Bio (from sonicbids.com/lovehaterebellion):
Love Hate Rebellion were formed in early 2011 by Jimmy Sky, (KUNST/Flowers For Lily) Rachel Pelser (The Boys/The Ovaries) Ariana Pelser (The Boys) and Andrew Ivanovic (The Andrew Ivanovic Experience). Following a chance meeting in a Brisbane nightclub, the group discussed their capacity to project personal emotional journeys through sound to a mass audience, and after a period of intoxication, Love Hate Rebellion was born. Drawing on a range of influences as diverse as The Doors, Nine Inch Nails, Neil Young, Placebo and Queens of the Stone Age, Love Hate Rebellion swiftly created a following through consistent and engaging performances.
Jimmy Sky (Vocals, Guitar), Ariana Pelser (Vocals, Bass), Rachel Pelser (Guitar, Keys), Andy Ivanovic (Drums)
Love Hate Rebellion is a group out of Australia that makes music that is very familiar to me. They have only been together as a band for a little more than a year now, and in 2012 released their first EP, or “AAA Side” as they call it, SUSPENDERBOYS.
SUSPENDERBOYS’ self titled first track was interesting, and harkened back to some sounds I hadn’t heard in a while, but overall was a bit underwhelming for me. “Suspenderboys” is built mostly around a highly repeated riff, and that sets the tone for the whole song. The riff is over, and over, and over again – and don’t get me wrong, it’s not a bad riff, but it is very highly overused in this track – and to go along with this repetitive guitar backbone, the lyrics are also quite repetitive. There is a story going on here, but a few minutes after listening to it, all I can remember is “Say it’s ok to play with Polly,” ‘cause you literally hear that phrase dozens of times in less than five minutes. Love Hate Rebellion reminds me a bit of Smashing Pumpkins on this track, but less “deep,” and Sky’s vocal delivery comes off somewhere between Billy Corgan and Brian Molko from Placebo, which I like overall though on some of the more enthusiastic parts it goes a bit too far. Musically it is all about that riff, so much so that I can barely hear the bass at all in this song except for the random flourish that appears a couple of times. The drums I really enjoyed, they are more than just the rhythm behind the track, but instead propel it forward and pick it up. This is not a bad song per se, but if it were a movie I would say that it needs some heavy editing because it has a lot of fat to trim.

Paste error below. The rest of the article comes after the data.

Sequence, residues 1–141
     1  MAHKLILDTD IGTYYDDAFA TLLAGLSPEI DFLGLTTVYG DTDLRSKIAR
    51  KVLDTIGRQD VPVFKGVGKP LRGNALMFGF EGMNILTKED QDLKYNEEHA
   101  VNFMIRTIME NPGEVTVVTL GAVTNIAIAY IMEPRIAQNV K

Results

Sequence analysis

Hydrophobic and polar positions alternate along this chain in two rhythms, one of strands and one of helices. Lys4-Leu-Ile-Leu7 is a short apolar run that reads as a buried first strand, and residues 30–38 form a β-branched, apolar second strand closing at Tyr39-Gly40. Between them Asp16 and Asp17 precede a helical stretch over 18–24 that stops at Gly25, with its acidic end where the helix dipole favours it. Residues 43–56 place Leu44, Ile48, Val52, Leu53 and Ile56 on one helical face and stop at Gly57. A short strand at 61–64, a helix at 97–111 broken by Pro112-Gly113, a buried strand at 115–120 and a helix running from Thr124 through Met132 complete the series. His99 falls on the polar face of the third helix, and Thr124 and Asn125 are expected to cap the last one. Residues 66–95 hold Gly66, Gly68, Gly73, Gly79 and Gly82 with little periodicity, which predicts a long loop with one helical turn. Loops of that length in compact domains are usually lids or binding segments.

The second track on SUSPENDERBOYS, “Sweet Orchid,” is a bit less repetitive and there is more of a divergence between the different instruments so you can actually hear what both guitars and the bass are doing independent of each other. The drums again are the piece that caught my attention the most, as Ivanovic’s work has a tendency to push itself out of the background and into your face. Musically this track again felt somewhere in the Smashing Pumpkins territory – back in the Siamese Dream / Mellon Collie era, you know, when they were pretty damned good – mixed with something a bit heavier and more dissonant. The repeated “yeah” actually calls to mind White Zombie, though musically only the drums could even really be in that same vein. Sky’s vocal’s on this one work well with the fact that this is a heavier track than its predecessor, and his tone is a bit deeper and thicker, rather than the more androgynous Placebo-esque bits “Suspenderboys” entails.
The final track on this short EP, “Better,” was by far the winner. While this is a lot less “rocking” than either of the other two tracks, it really seems to have a lot more of its own identity rather than sounding like other bands (which is not necessarily bad). The song opens with a pretty little guitar riff that is competing with some guitar flourishes and harmonics from the other guitar. The bass also is easy to distinguish in this track, and the drums, which are more reserved and actually less in-your-face, feel about perfect for the tone of the song. The vocals are the best delivery of the three tracks on SUSPENDERBOYS, and the lyrics themselves are haunting. “Going pro / Anorexia / Going to be better / Higher than everyone / I will be thinner / Much more beautiful.” On both the music and the lyrics, this track is the shining star for SUSPENDERBOYS.
Overall I enjoyed this EP, and I did like that fact that it got better as it went on. It is a bit repetitive, it is a bit “familiar,” but it is not a rip off of another band and it is not wholly unoriginal, especially on “Beautiful.” Love Hate Rebellion is working on a full-length album, and the progression in just these three tracks alone makes me optimistic to see what that longer release will bring. SUSPENDERBOYS is a good start from a young band, and I look forward to seeing what more time playing together will bring.
Overall 6 / 10
SUSPENDERBOYS for sale: https://itunes.apple.com/au/artist/love-hate-rebellion/id496492910?ign-mpt=uo%253D4